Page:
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Rediff.com  » Business » Humble Rs 100 turns hottest banknote in town!

Humble Rs 100 turns hottest banknote in town!

November 09, 2016 01:55 IST

The humble Rs 100 bill had several takers on an otherwise normal weekday evening across the country on Tuesday night, even as police had to be deployed outside ATMs to control the crowd waiting eagerly to get their hands on the banknote.

There was a beeline to acquire the 'hottest commodity' or dispose-off the high value Rs 500 and Rs 1,000 bank notes, which became illegal tender at midnight.

IMAGE: A Kotak Mahindra ATM temporarily unavailable in Andheri, Mumbai. PHOTOGRAPH: Hitesh Harisinghani/Rediff.com

Mumbai

As citizens in Mumbai went through the process, high drama played out at ATMs, the only operational arms of the banks at that hour, which involved serpentine queues in the hope of landing up the Rs 100 bills and the obvious dejections.

Many guards at the automated teller machines downed their shutters following the surprise announcement by the PM to make Rs 500 and Rs 1,000 notes invalid, while in
many cases, where machines have the capability to accept cash, anxious customers were keen to deposit the high value notes into the accounts.

Citizens of the metropolis had already made their way home after a tiring day at workplace and the residential neighbourhoods saw the maximum rush of people.

A Kotak Mahindra Bank (KMB) machine in the north east suburb of Mulund was still operational with a long queue of customers keen to deposit cash.

Banking customers in north west suburb of Goregaon wanting to withdraw cash were dejected as ATMs were not dispensing the much in demand Rs 100 bills.

Many of the ATMs in the financial district around the Fort area were closed, while there was a long queue outside a lone operational ATM run by foreign lender Citi.

The unease reached such proportions across the city that police had to take a decision to deploy its personnel outside every operational ATM.

Joint Commissioner of (Law and Order) Deven Bharati issued instructions to police stations to this effect and beat marshalls were deployed for patrolling, officials said.

The beat marshals, who patrol the mean streets to curb any untoward incidents, were proactively telling the citizens not to worry, assuring them that they will be able to withdraw their money from the day after.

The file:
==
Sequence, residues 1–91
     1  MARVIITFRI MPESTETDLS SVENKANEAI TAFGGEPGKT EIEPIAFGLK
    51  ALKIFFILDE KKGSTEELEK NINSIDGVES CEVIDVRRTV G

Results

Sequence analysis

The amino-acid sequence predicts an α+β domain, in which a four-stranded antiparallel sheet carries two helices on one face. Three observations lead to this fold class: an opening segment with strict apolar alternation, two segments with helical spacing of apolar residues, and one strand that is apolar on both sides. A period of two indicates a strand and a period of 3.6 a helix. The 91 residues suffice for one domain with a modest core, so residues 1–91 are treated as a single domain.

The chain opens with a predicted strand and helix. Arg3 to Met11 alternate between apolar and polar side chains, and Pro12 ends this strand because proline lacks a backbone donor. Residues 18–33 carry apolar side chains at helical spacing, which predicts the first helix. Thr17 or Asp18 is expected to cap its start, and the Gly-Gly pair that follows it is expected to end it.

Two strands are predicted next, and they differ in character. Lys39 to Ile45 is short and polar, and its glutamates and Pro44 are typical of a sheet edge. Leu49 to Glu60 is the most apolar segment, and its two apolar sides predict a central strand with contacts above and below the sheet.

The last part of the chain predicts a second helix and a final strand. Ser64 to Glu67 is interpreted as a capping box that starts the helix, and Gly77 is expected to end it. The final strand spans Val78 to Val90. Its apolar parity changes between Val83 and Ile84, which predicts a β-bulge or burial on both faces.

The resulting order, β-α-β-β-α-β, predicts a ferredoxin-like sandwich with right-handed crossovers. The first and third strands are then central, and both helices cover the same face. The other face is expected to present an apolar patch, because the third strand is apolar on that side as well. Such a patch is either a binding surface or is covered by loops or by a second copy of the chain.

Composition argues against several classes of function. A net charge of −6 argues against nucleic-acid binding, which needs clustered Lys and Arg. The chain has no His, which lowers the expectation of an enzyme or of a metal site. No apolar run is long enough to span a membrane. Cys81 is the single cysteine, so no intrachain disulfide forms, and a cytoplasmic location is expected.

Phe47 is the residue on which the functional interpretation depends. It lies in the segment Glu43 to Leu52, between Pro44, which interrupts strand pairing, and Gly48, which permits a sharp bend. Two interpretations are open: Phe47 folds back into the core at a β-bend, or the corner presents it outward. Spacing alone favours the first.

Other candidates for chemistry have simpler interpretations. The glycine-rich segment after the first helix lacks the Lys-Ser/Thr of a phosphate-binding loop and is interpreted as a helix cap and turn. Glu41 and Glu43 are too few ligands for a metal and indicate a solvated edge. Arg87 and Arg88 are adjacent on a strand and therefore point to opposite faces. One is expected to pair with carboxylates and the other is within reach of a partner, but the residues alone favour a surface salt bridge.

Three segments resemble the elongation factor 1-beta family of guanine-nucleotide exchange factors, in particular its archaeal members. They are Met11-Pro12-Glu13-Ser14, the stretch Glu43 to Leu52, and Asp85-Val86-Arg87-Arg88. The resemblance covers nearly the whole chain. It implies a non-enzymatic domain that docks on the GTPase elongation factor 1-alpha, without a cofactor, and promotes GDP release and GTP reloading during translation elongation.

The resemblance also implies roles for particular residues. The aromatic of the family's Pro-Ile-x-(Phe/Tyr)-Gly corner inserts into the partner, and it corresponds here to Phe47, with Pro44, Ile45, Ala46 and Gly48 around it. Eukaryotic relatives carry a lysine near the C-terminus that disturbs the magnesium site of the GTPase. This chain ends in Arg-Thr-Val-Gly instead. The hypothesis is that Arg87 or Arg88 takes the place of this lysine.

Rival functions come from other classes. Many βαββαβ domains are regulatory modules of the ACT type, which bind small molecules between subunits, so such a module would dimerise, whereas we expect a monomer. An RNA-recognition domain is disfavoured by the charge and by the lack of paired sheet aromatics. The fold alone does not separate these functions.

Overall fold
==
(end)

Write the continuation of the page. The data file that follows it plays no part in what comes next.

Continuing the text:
Although Prime Minister Narendra Modi stressed that emergency services would not be affected and gave medical units up to 72 hours to accept the high value notes of older series, chemists in suburban Mulund were not accepting the notes for the obvious reasons.

There were long queues of motorists outside the fuel stations, which have also been given exemption under the 72 hour window, in the hope of spending the remaining Rs 500 and Rs 1,000 bills.

However, in Kamothe node of satellite city of Navi Mumbai, petrol pump owners were seen either rejecting the high value currency or insisting on filling up fuel of Rs 500 or Rs 1,000 without having to return the change in a Rs 100 note.

As the midnight deadline neared, there was uncertainty in the minds of people on how the next day will pan out and the most crucial --- how will they take time off work to ensure that the high value bills are disposed off.

IMAGE: People line up outside an ATM in Mumbai. PHOTOGRAPH: Vedant Kotian/Rediff.com

Delhi

With most ATMs programmed to dish out higher denomination notes of Rs 500 and above, people were resorting to withdrawal of smaller amounts of up to Rs 400 to avoid getting a Rs 500 banknote.

People were even seen trying to deposit banned notes in ATM vending machines.

"As soon as I learnt about the decision, I rushed to the ATM to withdraw some money as I was having only Rs 500 notes. But there was a big queue and I managed to withdraw Rs 2,000 in five instalments," a TCS employee said.

A businessman from New Rajendra Nagar Sanjeev Saxena said: "Its a very good decision. There will be some initial problem."

Delhi University student Vashisht Saxena termed it a good step to curb corruption. "We are ready to face some difficulty," he said.

Another businessman from Chandni Chowk said the sudden move has created a ruckus in the market. "There are big queues at ATMs and people are fighting for their turn to withdraw the money," he said.

IMAGE: People crowd at a petrol pump to fill petrol. PHOTOGRAPH: Hemant Waje/Rediff.com

Chennai

At "e-corners," of large banks including State Bank of India that offer multiple banking services including deposit and withdrawal of cash, people formed serpentine queues.

At the SBI e-corner in Kodambakkam the queue stretched till the main road from the bank premises with anxious people waiting to deposit their five hundred and
thousand rupee notes.

A Kumar, a private sector employee said he deposited whatever "five hundred and thousand rupee notes," he had.

"Luckily, the cash disbursal machine gives out only Rs 100 notes now," he said.

In almost all the ATMs, people could be found making a big beeline.

Although it has been announced that fuel outlets will accept Rs 500, 1000 notes for the next 72 hours, some petrol pump operators sounded apprehensive and declined to accept five hundred and thousand rupee notes from their customers ensuing in arguments.

Though the ban of currencies will take effect only from Tuesday midnight, shopkeepers, restaurants and traders were seen declining to accept Rs 500, Rs 1000 notes.

Everywhere, ranging from tea stalls to bus stations, the demonetisation of the currency was the main topic of discussion.

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